Posts Tagged ‘cartooning’

Cartooning looks ease.  The only way it can be effective is if you make it look easy.  Like magic:  the rope trick can be learned, for example, but it takes a lot of practice to make it look smooth and convincing.  Similarly, cartooning is not an easy art form.  Practice, practice.

I teach a class called “Cartooning for Teachers.”  It’s not just teachers who sign up, but also therapists and public speakers, a population that knows the importance of practice and making things go smooth. This week one such class came to an end, after eight sessions.  It was actually organized privately, by teachers and a school psychologist, who were determined to get this skill under their belt and onto the chalk boards.  What fun!  But also, you guessed it, a lot of practice and perseverance.

We started with a simple pudgy bear and progressed to the cat, dog, tiger, bull, viper, and sassy bunny.  All of these characters were accessorized with hand gestures, tails, and attitude shoulders.  Gotta go for attitude, it’s the name of the game!  By the middle of the course, the students were eager to get into human forms.  The whole thing is about humanness, of course.   Animals in themselves are not funny.  We think they’re drole because we project  human attributes into them. So, when you’re learning to draw the pudgy bear, for example, you’re actually learning a lot about what makes a face a face and what makes for nuances in expression—meaning human expression.  In the course of these eight weeks the nuances got more complex and the layers of meaning piled on.  It shouldn’t come as a surprise, therefore, that I recommend this course for serious portrait artists.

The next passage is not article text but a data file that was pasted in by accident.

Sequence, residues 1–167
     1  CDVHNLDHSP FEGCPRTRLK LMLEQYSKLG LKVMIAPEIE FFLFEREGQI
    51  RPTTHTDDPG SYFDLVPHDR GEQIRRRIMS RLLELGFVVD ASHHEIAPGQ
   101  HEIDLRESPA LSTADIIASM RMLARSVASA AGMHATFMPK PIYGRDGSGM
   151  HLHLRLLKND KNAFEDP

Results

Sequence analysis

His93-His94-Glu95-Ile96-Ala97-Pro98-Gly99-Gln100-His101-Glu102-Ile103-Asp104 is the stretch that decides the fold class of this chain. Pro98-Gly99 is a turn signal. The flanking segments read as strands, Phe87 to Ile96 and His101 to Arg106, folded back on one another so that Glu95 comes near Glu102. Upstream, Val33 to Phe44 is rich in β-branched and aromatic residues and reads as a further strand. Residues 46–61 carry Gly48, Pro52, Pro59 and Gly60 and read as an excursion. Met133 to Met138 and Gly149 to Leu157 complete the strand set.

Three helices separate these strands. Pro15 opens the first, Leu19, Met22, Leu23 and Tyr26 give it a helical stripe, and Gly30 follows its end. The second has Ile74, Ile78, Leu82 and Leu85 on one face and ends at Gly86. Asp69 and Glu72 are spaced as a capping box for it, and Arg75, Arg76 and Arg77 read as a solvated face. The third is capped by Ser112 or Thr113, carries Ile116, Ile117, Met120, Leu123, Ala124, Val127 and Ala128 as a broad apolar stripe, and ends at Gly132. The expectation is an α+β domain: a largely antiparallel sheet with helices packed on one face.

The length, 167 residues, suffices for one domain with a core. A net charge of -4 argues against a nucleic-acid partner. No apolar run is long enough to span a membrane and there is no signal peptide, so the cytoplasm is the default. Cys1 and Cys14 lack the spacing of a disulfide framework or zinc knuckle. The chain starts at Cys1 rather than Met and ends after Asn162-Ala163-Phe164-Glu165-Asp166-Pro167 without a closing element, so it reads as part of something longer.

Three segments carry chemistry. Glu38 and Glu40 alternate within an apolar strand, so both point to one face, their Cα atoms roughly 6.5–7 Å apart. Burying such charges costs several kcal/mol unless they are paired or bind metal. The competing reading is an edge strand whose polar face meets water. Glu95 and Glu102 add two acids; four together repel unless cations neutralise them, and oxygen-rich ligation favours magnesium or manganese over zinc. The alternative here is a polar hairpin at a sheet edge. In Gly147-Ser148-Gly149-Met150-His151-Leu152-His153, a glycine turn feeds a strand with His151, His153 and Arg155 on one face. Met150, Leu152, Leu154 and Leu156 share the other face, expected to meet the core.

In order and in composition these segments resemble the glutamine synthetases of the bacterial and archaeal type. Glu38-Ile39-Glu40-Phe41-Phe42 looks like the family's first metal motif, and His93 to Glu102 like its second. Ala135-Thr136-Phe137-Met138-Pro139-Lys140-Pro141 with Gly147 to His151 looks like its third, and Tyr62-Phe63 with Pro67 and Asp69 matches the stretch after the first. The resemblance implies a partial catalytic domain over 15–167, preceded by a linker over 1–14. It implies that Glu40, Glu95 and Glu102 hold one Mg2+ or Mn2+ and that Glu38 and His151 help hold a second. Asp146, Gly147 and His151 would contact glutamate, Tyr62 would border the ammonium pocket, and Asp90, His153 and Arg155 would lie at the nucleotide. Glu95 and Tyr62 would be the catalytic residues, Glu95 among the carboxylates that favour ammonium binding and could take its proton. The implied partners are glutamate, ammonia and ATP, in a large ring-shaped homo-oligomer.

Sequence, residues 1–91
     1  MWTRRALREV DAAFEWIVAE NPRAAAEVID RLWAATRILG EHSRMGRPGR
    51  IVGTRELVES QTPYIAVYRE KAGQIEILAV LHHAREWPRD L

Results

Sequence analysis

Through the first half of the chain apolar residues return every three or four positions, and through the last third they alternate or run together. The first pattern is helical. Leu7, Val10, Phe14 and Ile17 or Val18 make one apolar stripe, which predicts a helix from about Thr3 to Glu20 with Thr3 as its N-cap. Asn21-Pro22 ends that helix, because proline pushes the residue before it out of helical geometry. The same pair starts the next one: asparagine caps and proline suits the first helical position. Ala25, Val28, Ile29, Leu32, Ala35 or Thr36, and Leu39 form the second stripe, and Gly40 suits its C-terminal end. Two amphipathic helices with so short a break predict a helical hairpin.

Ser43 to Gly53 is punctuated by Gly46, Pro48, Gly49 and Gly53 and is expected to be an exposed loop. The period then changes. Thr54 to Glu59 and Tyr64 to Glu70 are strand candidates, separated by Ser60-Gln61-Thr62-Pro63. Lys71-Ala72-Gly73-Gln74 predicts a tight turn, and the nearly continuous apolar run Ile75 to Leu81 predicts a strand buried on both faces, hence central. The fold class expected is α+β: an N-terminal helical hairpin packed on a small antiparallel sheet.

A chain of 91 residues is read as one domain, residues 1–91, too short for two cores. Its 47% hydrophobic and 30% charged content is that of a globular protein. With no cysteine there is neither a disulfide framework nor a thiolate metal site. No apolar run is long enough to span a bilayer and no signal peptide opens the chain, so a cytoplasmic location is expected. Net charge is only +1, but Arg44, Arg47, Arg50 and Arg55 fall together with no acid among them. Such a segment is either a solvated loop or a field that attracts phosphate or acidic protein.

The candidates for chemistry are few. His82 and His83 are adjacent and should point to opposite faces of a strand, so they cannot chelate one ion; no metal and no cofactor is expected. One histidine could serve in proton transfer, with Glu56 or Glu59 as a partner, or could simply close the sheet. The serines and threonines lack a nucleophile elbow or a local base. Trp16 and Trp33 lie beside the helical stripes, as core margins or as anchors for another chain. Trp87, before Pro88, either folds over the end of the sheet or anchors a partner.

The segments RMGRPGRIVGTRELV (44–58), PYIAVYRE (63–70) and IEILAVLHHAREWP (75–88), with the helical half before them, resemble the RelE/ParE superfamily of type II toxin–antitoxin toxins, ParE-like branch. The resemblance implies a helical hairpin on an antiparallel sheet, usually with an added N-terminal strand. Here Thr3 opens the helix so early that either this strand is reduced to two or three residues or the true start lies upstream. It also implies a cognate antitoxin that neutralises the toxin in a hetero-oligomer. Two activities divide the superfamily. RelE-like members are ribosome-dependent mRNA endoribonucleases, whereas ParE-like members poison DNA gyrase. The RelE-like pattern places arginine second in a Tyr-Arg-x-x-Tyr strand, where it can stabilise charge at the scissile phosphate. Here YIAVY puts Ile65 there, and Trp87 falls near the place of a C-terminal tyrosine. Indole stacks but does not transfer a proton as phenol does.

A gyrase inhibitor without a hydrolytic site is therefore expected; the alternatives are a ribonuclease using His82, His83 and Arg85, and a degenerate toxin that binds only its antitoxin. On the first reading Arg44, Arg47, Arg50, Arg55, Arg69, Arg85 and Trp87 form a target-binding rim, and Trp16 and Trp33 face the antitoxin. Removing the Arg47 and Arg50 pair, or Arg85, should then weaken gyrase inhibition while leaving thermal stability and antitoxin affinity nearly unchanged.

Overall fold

During the class I drew with marker on three-foot- high brown construction paper taped to a board.  Shown here (above) are some of the sections from that paper.   I also sat next to students and drew along with them (white paper) so they could see how I would develop a character, face and gesture.  We easily transitioned from animal to human faces.  The value of the course was obvious to all.  But it was just a beginning–like most everything else we do.  Practice, practice.

See also, www.khilden.com

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